Space traffic - A serious global threat
Humankind has always been curious to unravel the mysteries of the universe. Artificial #satellites are developed to study the earth, Moon, and various other planets as well. The first artificial satellite Sputnik I, was launched into space on 4 October 1957 and thus began space exploration. Many satellites are launched into the earth's orbit to find answers to several naturally occurring phenomena, and to provide various services. These numerous satellites add to the space traffic. The increasing space traffic makes it necessary to build satellites that can resist collisions, which in turn increases the building cost. Hence, space junk must be cleared to ensure a smooth space exploration. Firstly, let's know a bit about space junk.
Space junk(or Space Debris) are the non-functional objects or parts of a larger satellite that are left in the earth's orbit. They can be fragments of a launch rocket, the components of a non-active satellite, or even the flakes of paint. The collision of an active satellite with an extremely minute particle is dangerous too. There are instances in the past where tiny particles have destroyed massive satellites.
Almost 2600 active satellites are orbiting the earth, and nearly 3000 dead ones are hindering in space. The US Space surveillance network reported that there are over 128 million pieces of debris tinier than 1 cm, 9,00,000 bits of debris that are 1 to 10 cm, and 34,000 items of debris larger than 10 cm. All these can be destructive if they collide with something else. Debris left in the lower orbits returns to the atmosphere of the earth after a period of time. But the trash present in the orbits of higher altitudes(above 36,000 km) continues to circle the earth for hundreds and thousands of years.
The Kessler Syndrome
It is proposed by Donald J. Kessler, a #NASA scientist, in the year 1978. It is a theoretical situation in which when the density of debris in the lower earth orbit is high enough, that the collision between them results in space #debris, thereby rising the possibility of collisions even further. This implies that the future operation of satellites is difficult remarkably. Hence the space junk must be removed to ensure a smoother operation of various satellites.
Several instances of space collisions
The active Iridium 33 and the derelict Kosmos-2252, two communication satellites, collided haphazardly at a speed of 11,700 m/s on February 10, 2009, at an altitude of 789 kilometers.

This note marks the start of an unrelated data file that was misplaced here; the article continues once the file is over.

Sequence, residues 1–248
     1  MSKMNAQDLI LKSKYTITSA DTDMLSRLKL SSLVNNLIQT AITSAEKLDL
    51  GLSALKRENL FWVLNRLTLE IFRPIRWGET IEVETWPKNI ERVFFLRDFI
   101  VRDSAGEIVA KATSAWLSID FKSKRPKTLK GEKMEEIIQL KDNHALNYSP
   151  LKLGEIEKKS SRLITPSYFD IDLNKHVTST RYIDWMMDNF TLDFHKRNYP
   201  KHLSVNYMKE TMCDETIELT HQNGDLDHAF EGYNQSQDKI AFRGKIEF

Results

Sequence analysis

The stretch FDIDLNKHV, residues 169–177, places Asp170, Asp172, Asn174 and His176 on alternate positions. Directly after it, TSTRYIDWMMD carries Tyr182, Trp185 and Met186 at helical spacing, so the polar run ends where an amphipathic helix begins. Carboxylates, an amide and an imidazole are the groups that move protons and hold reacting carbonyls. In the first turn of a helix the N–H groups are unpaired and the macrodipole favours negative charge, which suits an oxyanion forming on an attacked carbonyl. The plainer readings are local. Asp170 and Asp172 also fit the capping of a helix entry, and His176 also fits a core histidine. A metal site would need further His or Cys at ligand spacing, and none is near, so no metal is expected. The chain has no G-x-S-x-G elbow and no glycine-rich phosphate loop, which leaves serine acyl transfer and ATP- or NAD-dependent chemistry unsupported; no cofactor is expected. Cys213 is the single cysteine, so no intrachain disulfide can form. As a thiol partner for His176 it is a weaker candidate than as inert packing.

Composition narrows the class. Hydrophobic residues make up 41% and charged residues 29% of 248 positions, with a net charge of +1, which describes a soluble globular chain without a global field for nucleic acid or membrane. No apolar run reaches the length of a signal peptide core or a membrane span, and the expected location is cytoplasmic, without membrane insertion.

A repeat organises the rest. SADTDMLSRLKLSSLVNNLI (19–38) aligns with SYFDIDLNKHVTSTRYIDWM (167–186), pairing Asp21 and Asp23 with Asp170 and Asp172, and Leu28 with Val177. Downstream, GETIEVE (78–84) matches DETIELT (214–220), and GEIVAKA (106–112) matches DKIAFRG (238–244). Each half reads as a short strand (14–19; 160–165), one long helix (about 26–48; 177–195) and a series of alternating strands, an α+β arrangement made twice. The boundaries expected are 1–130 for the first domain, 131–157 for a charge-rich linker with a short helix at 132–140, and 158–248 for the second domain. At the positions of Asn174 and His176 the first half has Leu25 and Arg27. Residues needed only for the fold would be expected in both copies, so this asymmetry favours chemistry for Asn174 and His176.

On October 15, 2020, the pieces of an old rocket(of china) and a dead soviet satellite had a very close encounter. Scientists say that the collision between these two would have engulfed the orbit with space debris.
The International Space Station was smitten by space debris several times.
In addition to these, countries also use Anti-Satellite weapons(ASAT) to destroy or shut down satellites for strategic purposes.
In March 2019, India launched a 3 stage missile that destroyed a military satellite Microsat-R in its trajectory, shattering the satellite into pieces.
Likewise, China and Russia have developed Anti-Satellite weapons that target the satellites in the lower earth orbit.
Removal of Space Junk
The debris present in the lower orbits gradually enters the earth's atmosphere after a period of time. The minute dust particles and the debris present in the higher altitudes cannot reach the earth and hence must be removed by other means. There are no standard means of doing this, but there are several proposals from various companies. The satellites must be dragged into the atmosphere of the earth. This can be done by:
Using magnets to seize it.
Enclosing it in a net and pulling it.
Using fire lasers to heat the satellite, thus increasing its atmospheric drag and hence it comes out of the orbit.
Launching satellites into elliptical orbits that decay fastly, thus releasing the satellites into the earth's atmosphere.
Passivation of Satellites and launch vehicles(Though it doesn't actually reduce the debris, it reduces the chances of satellite destructing others and creating further debris).
Space Traffic Management System
The above graph depicts the number of space crafts launched to space from the year 2010 to 2017. More than 100 space crafts were launched every year from 2010 to 2012. There was an increase in the number of satellite launches from the year 2013. More than 200 satellites are launched into space from 2013. This explains that there will be still more satellites launched into space, in the years to come. Thus it becomes necessary for proper vigilance of all the satellites. The Space #Traffic Management System ensures this smooth operation.
The International Academy of Astronautics defines the Space Traffic Management System as the set of technical provisions and rules that provide safe entry into outer space, smooth migration, and return from space without any physical or radio-interference. United Nations Office for Outer Space Affairs(A bureau of the United Nations Organisation) works on establishing global cooperation and coordinates all countries to avoid collisions of #spacecraft and reduce space debris.
Launching various navigational, communication, and weather #satellites are imminent as they provide crucial information and also warn us about any natural disasters in advance. But consequently, measures must be taken to reduce the space debris by following a set of shielding measures. Nations must ensure that the satellites are removed from the earth's orbit once they are inactive. The earth's orbit equips us in navigation, communication, and many more. Thus, it is our duty to secure the orbit from the accumulation of space debris, thereby supporting future generations to benefit from its advantages.